There are some 60-odd authentic “Herbie” Beetles knocking about. Bookended by the original 1969 flick and the most recent 2005 version, each movie used a fleet of Volkswagen’s most popular model for all sorts of odd scenarios — such as in “Herbie Fully Loaded” where the body is mounted backwards so it appears as if the car has rear wheel steering, and another from “Herbie Goes Bananas” that’s lined with fiberglass to hold water for the pond scene, as well as from “The Love Bug” where the car actually splits in two. Needless to say, most of these cars today aren’t drivable, or have received so much restoration work that the car’s authenticity is now in question. Others have simply been scrapped.
One Bug that has no such issues is Herbie “5916,” featured in both “Herbie Goes To Monte Carlo” and “Herbie Goes Bananas.” Not only is the car roadworthy, but it’s spent years racing on the Sports Car Club of America circuit in the hands of vintage racer Arthur Porter. Now it heads to Barrett Jackson later this month seeking a new owner.
Over the years Herbie “5916,” as named by Disney, has had many owners, including Porter who bought the car from the first post-film owner Bob Haug. The story goes that Haug purchased Herbie in 1980 after it was found neglected in a parking lot at a rental agency that leased cars for use in Hollywood movies. When Porter bought the car off Haug years later, he restored it to its original “Herbie Goes To Monte Carlo” appearance, removed the bumpers, and then went SCCA racing in the late ‘90s.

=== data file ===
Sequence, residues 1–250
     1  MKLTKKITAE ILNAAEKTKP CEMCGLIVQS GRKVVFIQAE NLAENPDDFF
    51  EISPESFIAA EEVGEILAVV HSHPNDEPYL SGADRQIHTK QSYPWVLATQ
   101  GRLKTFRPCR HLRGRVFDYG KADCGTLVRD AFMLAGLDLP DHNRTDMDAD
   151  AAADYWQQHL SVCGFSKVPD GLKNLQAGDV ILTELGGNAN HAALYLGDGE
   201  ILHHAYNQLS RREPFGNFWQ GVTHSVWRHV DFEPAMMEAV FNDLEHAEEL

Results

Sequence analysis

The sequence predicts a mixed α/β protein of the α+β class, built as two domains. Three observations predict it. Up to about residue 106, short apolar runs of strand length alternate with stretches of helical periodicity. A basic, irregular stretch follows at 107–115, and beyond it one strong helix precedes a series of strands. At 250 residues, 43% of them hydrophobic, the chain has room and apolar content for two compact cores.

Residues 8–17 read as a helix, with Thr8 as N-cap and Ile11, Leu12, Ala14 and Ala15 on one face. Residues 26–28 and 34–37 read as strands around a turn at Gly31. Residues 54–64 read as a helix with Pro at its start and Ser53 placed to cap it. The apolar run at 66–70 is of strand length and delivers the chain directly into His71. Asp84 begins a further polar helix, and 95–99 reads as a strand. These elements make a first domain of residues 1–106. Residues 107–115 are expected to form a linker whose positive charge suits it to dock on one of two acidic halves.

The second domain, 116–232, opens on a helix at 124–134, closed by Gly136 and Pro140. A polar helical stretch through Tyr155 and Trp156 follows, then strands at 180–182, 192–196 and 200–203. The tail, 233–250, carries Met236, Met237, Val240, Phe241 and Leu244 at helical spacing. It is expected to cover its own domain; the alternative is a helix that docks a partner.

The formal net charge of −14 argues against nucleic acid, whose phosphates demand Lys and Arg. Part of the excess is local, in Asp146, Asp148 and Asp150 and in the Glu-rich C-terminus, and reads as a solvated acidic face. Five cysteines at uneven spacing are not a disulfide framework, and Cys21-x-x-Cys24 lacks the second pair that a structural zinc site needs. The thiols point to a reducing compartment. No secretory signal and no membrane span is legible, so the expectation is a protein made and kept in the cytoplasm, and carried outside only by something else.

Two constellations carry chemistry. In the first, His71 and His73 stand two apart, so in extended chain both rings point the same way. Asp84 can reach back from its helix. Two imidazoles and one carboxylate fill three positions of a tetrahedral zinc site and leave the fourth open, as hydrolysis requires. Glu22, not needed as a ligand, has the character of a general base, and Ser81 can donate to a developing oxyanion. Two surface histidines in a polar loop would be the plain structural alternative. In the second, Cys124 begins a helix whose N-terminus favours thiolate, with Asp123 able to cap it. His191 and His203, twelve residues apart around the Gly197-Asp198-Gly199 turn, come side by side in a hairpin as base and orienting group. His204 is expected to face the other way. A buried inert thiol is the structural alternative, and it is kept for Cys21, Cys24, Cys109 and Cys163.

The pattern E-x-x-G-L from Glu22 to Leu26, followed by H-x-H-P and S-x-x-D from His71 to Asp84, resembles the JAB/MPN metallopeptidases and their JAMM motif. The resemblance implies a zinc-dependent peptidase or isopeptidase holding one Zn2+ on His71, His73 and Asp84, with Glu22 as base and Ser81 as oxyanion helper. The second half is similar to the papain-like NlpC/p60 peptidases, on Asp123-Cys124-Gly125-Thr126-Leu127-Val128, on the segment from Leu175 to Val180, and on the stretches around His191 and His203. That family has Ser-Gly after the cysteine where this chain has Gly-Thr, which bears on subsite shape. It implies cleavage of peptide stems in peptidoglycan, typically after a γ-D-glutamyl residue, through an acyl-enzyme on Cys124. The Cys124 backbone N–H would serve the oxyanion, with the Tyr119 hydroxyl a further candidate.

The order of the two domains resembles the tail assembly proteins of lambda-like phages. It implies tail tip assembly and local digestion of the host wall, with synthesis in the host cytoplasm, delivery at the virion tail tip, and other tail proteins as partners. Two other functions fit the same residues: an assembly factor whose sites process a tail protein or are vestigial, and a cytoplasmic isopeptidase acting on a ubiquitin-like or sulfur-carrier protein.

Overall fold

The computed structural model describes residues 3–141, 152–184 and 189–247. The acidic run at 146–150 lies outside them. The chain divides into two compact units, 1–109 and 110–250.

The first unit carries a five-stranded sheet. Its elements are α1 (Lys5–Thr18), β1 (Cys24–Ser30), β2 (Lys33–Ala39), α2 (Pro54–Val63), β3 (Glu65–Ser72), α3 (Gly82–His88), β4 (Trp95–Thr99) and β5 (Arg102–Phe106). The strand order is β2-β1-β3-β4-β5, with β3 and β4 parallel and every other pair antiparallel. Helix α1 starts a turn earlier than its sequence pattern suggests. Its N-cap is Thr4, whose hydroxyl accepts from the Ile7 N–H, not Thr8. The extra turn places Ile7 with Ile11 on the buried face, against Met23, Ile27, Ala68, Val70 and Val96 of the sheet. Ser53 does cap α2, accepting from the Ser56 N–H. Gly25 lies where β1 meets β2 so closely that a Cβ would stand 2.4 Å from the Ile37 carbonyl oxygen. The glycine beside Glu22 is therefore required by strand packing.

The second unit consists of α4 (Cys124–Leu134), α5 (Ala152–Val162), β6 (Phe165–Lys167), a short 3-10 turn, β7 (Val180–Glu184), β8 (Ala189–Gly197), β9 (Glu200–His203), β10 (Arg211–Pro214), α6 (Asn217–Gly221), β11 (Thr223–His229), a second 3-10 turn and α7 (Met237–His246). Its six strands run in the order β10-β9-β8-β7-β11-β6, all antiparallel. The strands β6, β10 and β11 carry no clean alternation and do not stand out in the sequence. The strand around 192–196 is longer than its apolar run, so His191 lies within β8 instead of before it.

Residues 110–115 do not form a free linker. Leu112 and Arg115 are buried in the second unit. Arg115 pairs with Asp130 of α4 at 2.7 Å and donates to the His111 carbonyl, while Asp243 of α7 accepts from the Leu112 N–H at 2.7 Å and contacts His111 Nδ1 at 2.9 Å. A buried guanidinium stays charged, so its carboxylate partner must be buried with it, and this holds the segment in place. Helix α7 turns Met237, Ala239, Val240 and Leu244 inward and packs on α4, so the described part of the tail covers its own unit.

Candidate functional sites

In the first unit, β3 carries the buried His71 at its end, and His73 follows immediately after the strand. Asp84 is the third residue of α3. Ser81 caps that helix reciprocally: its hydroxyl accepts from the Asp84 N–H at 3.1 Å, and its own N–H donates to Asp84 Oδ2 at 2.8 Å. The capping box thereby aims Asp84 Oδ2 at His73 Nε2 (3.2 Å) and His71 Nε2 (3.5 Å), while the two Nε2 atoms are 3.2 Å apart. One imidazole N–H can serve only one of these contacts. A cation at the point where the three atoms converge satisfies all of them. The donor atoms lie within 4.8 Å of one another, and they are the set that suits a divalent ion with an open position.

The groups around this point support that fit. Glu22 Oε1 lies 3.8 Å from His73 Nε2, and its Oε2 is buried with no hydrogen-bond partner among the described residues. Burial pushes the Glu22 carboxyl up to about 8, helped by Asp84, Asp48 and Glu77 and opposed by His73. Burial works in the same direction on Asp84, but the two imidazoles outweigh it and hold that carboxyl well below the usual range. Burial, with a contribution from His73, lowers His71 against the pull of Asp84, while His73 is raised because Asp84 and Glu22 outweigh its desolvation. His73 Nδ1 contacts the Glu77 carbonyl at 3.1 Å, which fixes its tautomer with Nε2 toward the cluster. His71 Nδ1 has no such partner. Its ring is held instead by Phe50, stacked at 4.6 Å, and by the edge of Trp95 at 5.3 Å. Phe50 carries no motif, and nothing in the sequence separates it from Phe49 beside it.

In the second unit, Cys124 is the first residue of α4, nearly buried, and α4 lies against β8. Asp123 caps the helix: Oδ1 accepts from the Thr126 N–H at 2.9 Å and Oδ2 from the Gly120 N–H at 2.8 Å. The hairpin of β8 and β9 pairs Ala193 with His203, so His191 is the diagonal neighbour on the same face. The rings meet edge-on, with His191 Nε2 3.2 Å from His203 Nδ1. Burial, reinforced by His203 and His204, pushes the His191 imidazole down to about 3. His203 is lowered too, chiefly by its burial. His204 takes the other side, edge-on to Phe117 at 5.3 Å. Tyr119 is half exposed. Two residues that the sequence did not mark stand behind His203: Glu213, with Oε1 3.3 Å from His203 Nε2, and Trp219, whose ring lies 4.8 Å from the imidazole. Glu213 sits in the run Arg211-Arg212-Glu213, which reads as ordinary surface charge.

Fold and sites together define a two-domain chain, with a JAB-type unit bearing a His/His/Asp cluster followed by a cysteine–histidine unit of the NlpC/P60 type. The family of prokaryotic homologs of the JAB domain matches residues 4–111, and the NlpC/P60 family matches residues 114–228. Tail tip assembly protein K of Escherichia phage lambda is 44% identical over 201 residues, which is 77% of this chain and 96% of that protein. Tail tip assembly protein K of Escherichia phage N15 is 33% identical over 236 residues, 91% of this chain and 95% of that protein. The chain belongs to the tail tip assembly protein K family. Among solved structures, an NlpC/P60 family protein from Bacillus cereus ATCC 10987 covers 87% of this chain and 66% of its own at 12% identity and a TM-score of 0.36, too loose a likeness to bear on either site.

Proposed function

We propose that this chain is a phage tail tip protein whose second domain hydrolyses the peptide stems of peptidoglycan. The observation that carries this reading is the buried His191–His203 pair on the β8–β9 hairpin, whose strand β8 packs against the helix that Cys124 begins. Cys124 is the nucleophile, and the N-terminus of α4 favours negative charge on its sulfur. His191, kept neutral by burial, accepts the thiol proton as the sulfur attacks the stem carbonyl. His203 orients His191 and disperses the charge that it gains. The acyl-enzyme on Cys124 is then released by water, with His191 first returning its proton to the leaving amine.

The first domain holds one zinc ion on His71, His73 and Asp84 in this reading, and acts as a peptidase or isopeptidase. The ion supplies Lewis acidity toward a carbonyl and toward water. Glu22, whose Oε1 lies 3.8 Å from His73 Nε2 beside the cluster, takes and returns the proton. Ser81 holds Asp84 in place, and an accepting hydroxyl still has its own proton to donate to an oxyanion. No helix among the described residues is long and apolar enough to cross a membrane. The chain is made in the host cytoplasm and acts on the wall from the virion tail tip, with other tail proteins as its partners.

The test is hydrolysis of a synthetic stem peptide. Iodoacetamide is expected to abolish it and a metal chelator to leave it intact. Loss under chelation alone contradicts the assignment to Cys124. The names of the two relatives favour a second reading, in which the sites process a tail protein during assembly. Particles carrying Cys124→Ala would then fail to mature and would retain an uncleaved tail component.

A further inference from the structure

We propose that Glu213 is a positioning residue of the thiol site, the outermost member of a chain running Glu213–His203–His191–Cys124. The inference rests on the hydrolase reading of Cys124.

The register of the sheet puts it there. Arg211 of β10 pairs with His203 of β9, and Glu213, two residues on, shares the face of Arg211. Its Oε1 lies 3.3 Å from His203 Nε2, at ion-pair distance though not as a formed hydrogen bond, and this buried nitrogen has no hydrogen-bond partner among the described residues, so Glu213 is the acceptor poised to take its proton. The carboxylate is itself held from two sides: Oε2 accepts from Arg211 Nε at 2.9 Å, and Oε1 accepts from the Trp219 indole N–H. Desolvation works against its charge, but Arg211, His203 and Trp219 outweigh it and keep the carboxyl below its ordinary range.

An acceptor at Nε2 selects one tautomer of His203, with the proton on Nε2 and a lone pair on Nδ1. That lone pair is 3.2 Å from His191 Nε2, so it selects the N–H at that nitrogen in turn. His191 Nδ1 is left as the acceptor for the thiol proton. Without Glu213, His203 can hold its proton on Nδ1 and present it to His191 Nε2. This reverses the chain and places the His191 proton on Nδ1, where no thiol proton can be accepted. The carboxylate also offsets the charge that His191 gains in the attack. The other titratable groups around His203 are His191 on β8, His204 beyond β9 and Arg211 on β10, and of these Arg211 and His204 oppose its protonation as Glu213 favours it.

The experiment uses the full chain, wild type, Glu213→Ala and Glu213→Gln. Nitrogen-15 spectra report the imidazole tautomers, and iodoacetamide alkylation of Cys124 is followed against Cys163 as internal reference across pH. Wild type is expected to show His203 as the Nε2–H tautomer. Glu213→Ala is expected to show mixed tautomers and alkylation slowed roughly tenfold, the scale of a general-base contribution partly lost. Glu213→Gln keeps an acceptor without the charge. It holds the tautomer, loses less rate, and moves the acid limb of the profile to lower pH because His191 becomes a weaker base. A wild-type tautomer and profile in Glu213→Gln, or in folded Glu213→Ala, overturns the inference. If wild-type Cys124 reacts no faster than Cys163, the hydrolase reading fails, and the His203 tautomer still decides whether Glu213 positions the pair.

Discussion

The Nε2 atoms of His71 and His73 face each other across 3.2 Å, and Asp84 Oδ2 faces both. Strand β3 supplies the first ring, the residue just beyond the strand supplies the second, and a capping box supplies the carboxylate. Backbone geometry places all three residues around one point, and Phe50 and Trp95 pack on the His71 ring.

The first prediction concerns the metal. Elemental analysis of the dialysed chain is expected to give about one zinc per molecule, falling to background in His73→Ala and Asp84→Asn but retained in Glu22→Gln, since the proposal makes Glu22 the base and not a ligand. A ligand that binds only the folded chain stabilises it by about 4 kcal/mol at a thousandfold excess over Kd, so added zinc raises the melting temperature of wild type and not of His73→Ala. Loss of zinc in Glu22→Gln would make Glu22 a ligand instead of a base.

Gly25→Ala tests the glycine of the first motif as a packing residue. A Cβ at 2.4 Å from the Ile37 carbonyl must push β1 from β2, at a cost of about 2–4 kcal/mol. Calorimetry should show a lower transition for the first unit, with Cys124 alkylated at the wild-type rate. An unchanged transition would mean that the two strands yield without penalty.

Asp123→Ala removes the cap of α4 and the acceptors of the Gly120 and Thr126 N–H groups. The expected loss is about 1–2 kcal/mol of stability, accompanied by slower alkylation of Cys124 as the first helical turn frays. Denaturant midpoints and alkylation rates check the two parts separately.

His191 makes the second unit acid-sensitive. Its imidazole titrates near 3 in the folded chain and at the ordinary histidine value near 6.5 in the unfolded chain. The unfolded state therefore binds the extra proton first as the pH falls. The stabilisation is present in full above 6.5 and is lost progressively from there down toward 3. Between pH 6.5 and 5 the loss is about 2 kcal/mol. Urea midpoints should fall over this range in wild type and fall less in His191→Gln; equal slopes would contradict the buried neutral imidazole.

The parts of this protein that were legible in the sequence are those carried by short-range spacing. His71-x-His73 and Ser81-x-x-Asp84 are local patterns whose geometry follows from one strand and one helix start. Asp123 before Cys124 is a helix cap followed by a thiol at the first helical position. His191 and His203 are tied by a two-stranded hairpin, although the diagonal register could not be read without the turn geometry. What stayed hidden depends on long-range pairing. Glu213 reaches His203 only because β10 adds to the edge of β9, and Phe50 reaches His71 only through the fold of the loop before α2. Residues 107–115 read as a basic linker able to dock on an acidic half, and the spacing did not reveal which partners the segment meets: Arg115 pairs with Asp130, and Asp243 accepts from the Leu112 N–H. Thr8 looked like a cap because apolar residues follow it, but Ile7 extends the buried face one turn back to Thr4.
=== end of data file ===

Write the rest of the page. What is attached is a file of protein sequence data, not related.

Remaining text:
From there, Herbie found new homes, and will soon be in the hand’s of another owner come April 17-19 at Barrett Jackson’s Palm Beach auction. The 1963 Volkswagen Beetle was known as the “oil squirting” car, and still features the original oil pump used in “Monte Carlo” to douse the police officer’s foot at the beginning of the movie. That system today is in working order.
Number “5916″ is one of the few cars used both for driving and interior shots in two separate “Herbie” movies, and has an actual racing pedigree to boot. Of all the Bugs still in existence, that makes this one pretty special; the last time a similar Bug came to an auction block was nearly three years ago, when it brought $66,000. Let’s just hope that when Craig Jackson sends the “oil squirter” under the hammer, he does so wearing an old pair of shoes.